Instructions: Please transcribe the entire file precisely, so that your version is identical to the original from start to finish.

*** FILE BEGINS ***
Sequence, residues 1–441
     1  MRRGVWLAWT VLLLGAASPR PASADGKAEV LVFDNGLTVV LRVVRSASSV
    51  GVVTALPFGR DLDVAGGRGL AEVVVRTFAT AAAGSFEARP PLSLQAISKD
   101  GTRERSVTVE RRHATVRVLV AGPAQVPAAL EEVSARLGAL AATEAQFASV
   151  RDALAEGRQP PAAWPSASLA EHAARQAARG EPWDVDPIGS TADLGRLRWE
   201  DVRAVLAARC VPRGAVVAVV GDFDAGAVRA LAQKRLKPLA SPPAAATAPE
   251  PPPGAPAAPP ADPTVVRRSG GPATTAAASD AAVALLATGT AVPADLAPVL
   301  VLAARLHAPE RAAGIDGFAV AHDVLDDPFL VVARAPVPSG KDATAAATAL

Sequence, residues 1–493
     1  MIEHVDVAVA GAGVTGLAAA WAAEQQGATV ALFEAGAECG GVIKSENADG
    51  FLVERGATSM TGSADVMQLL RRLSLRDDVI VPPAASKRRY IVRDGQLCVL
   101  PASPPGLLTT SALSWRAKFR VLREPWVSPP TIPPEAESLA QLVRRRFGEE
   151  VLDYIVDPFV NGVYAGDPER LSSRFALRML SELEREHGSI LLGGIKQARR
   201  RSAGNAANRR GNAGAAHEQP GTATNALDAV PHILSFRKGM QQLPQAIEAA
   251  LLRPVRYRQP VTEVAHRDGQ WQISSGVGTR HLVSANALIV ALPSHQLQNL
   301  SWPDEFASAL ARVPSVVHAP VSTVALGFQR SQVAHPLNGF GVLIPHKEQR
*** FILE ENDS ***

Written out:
Sequence, residues 1–441
     1  MRRGVWLAWT VLLLGAASPR PASADGKAEV LVFDNGLTVV LRVVRSASSV
    51  GVVTALPFGR DLDVAGGRGL AEVVVRTFAT AAAGSFEARP PLSLQAISKD
   101  GTRERSVTVE RRHATVRVLV AGPAQVPAAL EEVSARLGAL AATEAQFASV
   151  RDALAEGRQP PAAWPSASLA EHAARQAARG EPWDVDPIGS TADLGRLRWE
   201  DVRAVLAARC VPRGAVVAVV GDFDAGAVRA LAQKRLKPLA SPPAAATAPE
   251  PPPGAPAAPP ADPTVVRRSG GPATTAAASD AAVALLATGT AVPADLAPVL
   301  VLAARLHAPE RAAGIDGFAV AHDVLDDPFL VVARAPVPSG KDATAAATAL

Sequence, residues 1–493
     1  MIEHVDVAVA GAGVTGLAAA WAAEQQGATV ALFEAGAECG GVIKSENADG
    51  FLVERGATSM TGSADVMQLL RRLSLRDDVI VPPAASKRRY IVRDGQLCVL
   101  PASPPGLLTT SALSWRAKFR VLREPWVSPP TIPPEAESLA QLVRRRFGEE
   151  VLDYIVDPFV NGVYAGDPER LSSRFALRML SELEREHGSI LLGGIKQARR
   201  RSAGNAANRR GNAGAAHEQP GTATNALDAV PHILSFRKGM QQLPQAIEAA
   251  LLRPVRYRQP VTEVAHRDGQ WQISSGVGTR HLVSANALIV ALPSHQLQNL
   301  SWPDEFASAL ARVPSVVHAP VSTVALGFQR SQVAHPLNGF GVLIPHKEQR